When record temperatures smashed the UK at the end of July, Google Cloud’s data centers in London went offline for a day due to cooling failure. The impact wasn’t limited to those near downtown: This particular location serves customers in the US and the Pacific region, with outages limiting their access to key Google services for hours. Oracle’s cloud-based data center in the capital was also affected by the heat, causing outcome for US customers. Oracle blamed “unseasonal temperatures” for the blackout.
The UK’s Met Office, which monitors the weather, suggests the record heat was a harbinger of things to come, meaning data centers need to prepare for a new normal.
The World Meteorological Organization (WMO) says there is one 93 percent chance that any year between now and 2026 will be the hottest on record. It won’t be a one-off either. “As long as we continue to emit greenhouse gases, temperatures will continue to rise,” said Petteri Taalas, WMO Secretary-General. “And alongside that, our oceans will continue to get warmer and more acidic, sea ice and glaciers will continue to melt, sea levels will continue to rise, and our weather will become more extreme.”
That climate change will have an impact on all human-made infrastructure – including the data centers that keep our planet’s collective knowledge online.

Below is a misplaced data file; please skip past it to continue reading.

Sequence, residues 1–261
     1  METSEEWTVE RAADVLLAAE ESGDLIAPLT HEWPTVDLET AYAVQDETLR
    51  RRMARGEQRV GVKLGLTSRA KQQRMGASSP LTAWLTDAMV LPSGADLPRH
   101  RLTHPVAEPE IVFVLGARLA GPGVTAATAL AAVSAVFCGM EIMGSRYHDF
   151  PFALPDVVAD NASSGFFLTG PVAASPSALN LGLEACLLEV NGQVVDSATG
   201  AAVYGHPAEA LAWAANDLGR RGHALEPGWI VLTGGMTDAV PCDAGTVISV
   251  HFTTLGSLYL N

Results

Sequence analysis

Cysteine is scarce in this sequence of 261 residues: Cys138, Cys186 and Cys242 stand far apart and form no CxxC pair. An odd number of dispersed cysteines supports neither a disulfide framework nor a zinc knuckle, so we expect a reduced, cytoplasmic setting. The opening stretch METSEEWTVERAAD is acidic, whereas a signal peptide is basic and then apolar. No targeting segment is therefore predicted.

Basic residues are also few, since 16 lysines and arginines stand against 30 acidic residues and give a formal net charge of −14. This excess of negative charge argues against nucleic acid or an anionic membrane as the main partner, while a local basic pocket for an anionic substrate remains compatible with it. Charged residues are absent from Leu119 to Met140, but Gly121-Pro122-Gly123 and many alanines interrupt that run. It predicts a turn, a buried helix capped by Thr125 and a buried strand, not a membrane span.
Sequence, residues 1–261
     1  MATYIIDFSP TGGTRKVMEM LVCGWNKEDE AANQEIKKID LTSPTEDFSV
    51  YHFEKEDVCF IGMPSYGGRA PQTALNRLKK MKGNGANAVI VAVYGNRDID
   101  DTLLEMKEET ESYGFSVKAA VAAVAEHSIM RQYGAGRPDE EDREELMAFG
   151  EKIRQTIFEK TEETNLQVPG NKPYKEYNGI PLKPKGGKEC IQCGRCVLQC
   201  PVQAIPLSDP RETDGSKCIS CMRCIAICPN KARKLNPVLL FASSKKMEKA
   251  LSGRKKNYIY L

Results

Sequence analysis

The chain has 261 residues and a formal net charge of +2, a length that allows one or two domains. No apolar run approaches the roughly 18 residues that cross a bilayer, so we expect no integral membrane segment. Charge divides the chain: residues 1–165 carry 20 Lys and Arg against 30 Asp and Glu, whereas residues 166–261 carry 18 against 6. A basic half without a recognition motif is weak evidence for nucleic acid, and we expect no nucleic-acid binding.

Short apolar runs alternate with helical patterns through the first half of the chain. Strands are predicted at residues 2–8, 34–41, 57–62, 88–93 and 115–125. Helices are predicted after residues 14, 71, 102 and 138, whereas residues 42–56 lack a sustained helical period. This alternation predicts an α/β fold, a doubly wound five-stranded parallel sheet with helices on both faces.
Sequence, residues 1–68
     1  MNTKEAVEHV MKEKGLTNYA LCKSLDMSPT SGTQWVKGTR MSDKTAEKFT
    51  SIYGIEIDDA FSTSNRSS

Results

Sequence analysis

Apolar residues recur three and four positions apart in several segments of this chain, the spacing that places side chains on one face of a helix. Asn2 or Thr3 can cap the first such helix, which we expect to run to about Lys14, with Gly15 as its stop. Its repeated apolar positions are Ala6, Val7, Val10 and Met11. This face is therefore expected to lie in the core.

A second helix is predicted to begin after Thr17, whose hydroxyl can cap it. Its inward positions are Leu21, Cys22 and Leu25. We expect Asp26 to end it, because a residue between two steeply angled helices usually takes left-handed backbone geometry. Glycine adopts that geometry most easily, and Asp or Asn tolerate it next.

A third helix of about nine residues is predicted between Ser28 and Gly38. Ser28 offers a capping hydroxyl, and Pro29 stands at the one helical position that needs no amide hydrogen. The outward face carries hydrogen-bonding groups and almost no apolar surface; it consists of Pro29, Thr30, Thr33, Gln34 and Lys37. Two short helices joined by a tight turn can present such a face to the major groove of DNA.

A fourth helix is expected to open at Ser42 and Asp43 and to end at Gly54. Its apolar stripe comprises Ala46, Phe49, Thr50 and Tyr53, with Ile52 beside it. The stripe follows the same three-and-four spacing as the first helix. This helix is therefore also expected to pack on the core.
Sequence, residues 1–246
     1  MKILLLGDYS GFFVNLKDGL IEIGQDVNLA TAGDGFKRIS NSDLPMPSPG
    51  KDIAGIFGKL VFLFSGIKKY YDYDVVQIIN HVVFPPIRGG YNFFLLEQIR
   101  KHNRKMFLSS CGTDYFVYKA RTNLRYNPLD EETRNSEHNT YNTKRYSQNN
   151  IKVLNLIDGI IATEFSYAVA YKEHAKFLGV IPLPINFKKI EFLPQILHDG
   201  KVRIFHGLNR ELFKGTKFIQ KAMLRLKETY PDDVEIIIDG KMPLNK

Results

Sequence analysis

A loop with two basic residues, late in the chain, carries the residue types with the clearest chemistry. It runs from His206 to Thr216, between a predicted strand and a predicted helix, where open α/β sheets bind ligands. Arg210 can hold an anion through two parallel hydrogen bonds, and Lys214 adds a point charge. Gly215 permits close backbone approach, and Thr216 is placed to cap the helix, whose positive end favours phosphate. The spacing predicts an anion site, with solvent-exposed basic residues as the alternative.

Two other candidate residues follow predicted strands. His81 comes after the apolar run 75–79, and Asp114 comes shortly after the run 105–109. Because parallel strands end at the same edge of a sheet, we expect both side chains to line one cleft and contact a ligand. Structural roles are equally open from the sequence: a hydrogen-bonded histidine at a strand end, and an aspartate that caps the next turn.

The question is whether they are prepared. “From my point of view there is a problem with existing data center stock that has been built in the UK and Europe,” says Simon Harris, head of critical infrastructure at data center consultancy Business Critical Solutions. But it doesn’t stop there. 45 percent of U.S. data centers have experienced an extreme weather event that threatened their ability to operate, according to a study by the Uptime Institute, a digital services standards agency.
Data center cooling systems are built using a complicated, multi-step process, says Sophia Flucker, director at UK data center consultancy Operational Intelligence. This may include analyzing temperature data from a weather station close to the point where the data center will be built.
The problem? This data is historical and represents a time when UK temperatures did not reach 40 degrees Celsius. “We’re on the edge of a changing climate,” says Harris.
“It wasn’t that long ago that we were designing cooling systems for a maximum outdoor temperature of 32 degrees,” says Jon Healy, of UK data center consultancy Keysource. “They are over 8 degrees higher than they were ever designed for.” Design terms are becoming increasingly elevated – but data center companies and the customers they work for operate as profit-driven businesses. Data from the consulting firm Turner & Townsend suggests that the cost of building data centers has arisen in almost all markets in recent years, and construction companies are advised to keep costs down.
“If we went from 32 degrees to 42 degrees, we went wild,” says Healy. “You have to make everything significantly larger to support the very small percentage of the year” when temperatures rise. “It has to be done with caution.”